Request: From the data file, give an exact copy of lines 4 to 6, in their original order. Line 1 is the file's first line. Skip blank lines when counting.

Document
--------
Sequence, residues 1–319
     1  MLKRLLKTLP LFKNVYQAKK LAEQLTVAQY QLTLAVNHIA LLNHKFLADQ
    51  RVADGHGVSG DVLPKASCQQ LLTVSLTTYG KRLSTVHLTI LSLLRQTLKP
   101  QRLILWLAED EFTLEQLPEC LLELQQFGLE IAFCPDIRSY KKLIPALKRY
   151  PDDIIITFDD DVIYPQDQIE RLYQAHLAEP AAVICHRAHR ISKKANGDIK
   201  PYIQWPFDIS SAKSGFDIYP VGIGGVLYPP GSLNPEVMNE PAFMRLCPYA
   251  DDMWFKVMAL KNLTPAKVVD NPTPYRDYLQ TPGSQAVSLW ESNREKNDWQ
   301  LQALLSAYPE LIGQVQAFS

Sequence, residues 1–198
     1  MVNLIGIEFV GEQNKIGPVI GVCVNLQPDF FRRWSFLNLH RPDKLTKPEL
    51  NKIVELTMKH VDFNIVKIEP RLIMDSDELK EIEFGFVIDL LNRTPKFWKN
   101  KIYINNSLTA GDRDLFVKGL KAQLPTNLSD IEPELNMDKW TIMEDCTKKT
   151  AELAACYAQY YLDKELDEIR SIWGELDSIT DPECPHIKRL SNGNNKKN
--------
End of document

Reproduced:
   101  QRLILWLAED EFTLEQLPEC LLELQQFGLE IAFCPDIRSY KKLIPALKRY
   151  PDDIIITFDD DVIYPQDQIE RLYQAHLAEP AAVICHRAHR ISKKANGDIK
   201  PYIQWPFDIS SAKSGFDIYP VGIGGVLYPP GSLNPEVMNE PAFMRLCPYA